A different kind of window

Double-glazed windows pack more energy than regular glass.

double glazed windows 521 (photo credit: Pythagoras)
double glazed windows 521
(photo credit: Pythagoras)
Can a window be more than just a way of letting in sunlight? The people at Pythagoras Solar (www.pythagoras-solar.com) think so.
Udi Paret, VP of Business Development and Marketing at Pythagoras, tells The Jerusalem Report what makes Pythagoras’s Photovoltaic Glass Unit (PVGU) unique is what is lodged in the cavity between the two sheets of glass that comprise its double-glazed window. “Our intellectual property, in the form of a subassembly of optical devices combined with standard monocrystal photovoltaic cells, resides in this cavity,” says Paret.
The prisms that Pythagoras places between the glass sheets produce electricity by reflecting direct sunlight onto photovoltaic cells, making use of the same technology as solar panels. The electricity produced by the system can then be used inside the building for just about anything. One day, a building might be able to produce all the energy it needs simply by soaking up the sunlight hitting its windows.
“In one system you simultaneously get the benefits of energy efficiency and energy generation, which makes the economics of this solution very attractive,” Paret explains.
These economic benefits mean that the return on investment is between three to five years for a project located in the United States, according to Pythagoras’s estimates.
They also claim that their technology produces four times the amount of electricity than regular thin film placed over traditional glass.
The ability to manipulate the light as it hits the window results in a number of benefits.
“By having all the direct sunlight manipulated and directed on the photovoltaic cell we are maximizing the energy yield but, at the same time, we are creating complete shading behind the system,” says Paret.
The splitting of sunlight beams between direct light that is diverted to produce electricity and indirect sunlight that is allowed into the building results in light that is more pleasing to the eye, while reducing the amount of heat. This reduces the need for indoor climate control, which can be a major expense, especially in warm countries during the summer months.
“This makes the work environment behind our glass extremely comfortable, both from a lighting perspective and a climate perspective,” says Paret. “The glass creates a very effective thermal barrier affecting the climate inside the building. All this together accounts for a significant reduction in the energy footprint of the building.”
The PVGU technology can be fitted into any window size and can be tailor-made for use in new projects or buildings undergoing renovation.
Prof. David Faiman of Ben-Gurion University tells The Report that generally speaking most companies producing heat-deflecting and lightreducing windows tend to focus on the warmer and sunnier seasons.
“The big problem with any kind of smart window is to make it smart at all times of the year,” says Faiman. “If you are going to produce something that is going to limit the amount of light that comes into the room that’s wonderful in summertime, but it is not an asset in winter, when you want as much sunshine as possible to come in, otherwise you need to use more heating.”
Smelling cancer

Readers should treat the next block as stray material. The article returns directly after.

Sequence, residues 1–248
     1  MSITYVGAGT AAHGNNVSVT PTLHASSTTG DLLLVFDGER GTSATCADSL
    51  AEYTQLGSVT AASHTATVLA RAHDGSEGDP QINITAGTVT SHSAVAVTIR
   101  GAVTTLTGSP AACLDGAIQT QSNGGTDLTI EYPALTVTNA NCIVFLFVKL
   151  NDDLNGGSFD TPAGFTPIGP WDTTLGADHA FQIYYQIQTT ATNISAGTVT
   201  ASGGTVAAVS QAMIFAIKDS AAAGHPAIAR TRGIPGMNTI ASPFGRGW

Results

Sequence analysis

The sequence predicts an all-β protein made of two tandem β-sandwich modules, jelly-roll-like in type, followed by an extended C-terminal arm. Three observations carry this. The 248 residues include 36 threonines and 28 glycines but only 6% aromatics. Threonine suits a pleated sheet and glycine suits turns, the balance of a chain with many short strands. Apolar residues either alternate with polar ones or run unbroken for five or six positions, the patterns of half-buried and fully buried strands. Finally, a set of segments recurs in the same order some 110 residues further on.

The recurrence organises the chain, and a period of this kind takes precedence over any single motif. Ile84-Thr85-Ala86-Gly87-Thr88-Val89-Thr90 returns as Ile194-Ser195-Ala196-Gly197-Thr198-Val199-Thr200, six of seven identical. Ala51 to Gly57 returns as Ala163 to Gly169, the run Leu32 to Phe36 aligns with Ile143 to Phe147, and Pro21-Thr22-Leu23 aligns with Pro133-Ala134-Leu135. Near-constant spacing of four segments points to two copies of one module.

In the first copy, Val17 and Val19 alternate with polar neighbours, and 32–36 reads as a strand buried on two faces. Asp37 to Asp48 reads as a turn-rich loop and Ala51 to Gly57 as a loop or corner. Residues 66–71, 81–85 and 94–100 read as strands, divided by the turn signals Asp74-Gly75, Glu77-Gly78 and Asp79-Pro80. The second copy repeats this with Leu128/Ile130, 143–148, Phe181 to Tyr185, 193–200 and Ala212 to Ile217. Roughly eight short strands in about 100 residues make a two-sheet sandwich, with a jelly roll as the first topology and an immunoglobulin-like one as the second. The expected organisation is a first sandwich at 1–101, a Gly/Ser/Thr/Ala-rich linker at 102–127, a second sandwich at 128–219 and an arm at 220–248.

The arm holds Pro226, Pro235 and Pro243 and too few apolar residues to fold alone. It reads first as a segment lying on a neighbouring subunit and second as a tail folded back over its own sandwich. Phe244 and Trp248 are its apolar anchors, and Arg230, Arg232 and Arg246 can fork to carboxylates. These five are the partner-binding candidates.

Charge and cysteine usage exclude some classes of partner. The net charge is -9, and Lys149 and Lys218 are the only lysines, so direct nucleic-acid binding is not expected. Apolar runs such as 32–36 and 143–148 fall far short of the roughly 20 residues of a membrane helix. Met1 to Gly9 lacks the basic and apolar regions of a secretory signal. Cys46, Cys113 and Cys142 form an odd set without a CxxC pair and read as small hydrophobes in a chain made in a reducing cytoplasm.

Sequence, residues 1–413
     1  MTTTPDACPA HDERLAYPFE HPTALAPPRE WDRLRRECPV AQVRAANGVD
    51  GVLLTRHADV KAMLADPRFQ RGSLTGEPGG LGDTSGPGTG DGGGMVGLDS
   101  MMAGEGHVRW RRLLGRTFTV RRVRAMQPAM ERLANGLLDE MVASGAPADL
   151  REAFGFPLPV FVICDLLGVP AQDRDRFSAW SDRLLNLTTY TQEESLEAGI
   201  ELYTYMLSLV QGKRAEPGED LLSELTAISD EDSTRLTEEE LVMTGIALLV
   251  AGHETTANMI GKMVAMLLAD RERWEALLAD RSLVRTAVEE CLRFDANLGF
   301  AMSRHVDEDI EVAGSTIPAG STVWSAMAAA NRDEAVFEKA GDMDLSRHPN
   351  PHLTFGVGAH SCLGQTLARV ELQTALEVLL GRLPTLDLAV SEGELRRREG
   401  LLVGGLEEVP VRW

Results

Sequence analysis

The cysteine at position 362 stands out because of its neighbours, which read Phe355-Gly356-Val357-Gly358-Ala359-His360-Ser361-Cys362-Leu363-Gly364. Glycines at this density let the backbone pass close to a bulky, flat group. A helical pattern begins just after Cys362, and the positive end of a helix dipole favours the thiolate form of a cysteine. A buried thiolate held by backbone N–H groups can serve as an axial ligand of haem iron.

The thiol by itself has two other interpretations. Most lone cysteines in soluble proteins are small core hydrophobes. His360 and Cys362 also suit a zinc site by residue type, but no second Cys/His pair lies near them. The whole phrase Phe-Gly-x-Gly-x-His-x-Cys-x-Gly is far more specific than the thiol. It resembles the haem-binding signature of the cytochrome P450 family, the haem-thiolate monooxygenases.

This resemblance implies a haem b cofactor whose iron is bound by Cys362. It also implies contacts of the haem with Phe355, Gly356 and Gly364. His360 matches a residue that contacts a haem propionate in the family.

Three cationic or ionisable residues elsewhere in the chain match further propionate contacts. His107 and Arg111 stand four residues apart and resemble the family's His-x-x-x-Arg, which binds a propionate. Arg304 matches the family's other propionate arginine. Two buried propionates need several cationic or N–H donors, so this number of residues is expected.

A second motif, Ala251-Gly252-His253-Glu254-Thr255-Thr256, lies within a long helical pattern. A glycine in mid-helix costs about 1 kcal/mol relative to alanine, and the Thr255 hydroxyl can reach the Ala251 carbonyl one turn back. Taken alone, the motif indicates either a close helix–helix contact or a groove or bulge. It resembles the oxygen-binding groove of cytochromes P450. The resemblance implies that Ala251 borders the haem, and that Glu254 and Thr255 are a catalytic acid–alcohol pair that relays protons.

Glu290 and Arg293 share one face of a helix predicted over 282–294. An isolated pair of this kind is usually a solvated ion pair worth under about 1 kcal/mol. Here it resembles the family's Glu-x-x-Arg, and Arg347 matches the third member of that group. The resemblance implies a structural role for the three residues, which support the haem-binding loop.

The idea that a physician can diagnose a patient simply by smelling their breath has been around since the time of Hippocrates, of the Hippocratic Oath fame.
Now scientists at the Technion - Israel Institute of Technology in Haifa, under the leadership of Prof. Hossam Haick, are working on perfecting a “nano artificial nose” that can detect whether a person is suffering from cancer by analyzing his or her breath.
The NA-NOSE uses a number of cross-reactive sensors that analyzes the molecules in exhaled air, showing if the patient is healthy or has lung cancer. The main goal behind its development, begun in 2007, was to develop a more accurate way of detecting early-stage cancer and reduce the number of patients needing a more expensive and invasive biopsy.
According to a recent study presented at the 3rd European Lung Cancer Conference in Geneva, the NA-NOSE was 88 percent accurate in distinguishing between benign and malignant nodules. The test correctly identified 86 percent of the malignant nodules and 93 percent of the benign nodules.
While the NA-NOSE was developed for medical purposes, its system, which consists of a handheld device for the patient to breathe into, a small chamber to hold the sample and a sensor to analyze the sample, can be used for other purposes, such as homeland security and environmental monitoring.
Gaming that emotion
Computer and console gaming has come a long way since the TAC 2 joystick, with the introduction of Nintendo’s Wii controls, in which you hold a unit in each hand and the movement of the hands controls what happens in the game.
In recent years that evolution has continued with the release of Microsoft Kinect which, by using motion censoring technology, converts a person’s entire body movements into game actions, making a controlling device superfluous.
Israeli start-up eMotion Technologies (www.emotion-platform.com/en-us/home.aspx) is now working on developing a way for a player’s emotions to impact the gaming experience. The goal is to develop a device – at the moment the start-up is using a bracelet – that will measure and analyze a gamer’s emotional state in real time and update the game on the player’s level of immersion in the action. The data can then be used by the game to adjust the game’s level difficulty, making the experience fit better with the gamer’s skills.
eMotion says that the device is compatible with all current consoles and games.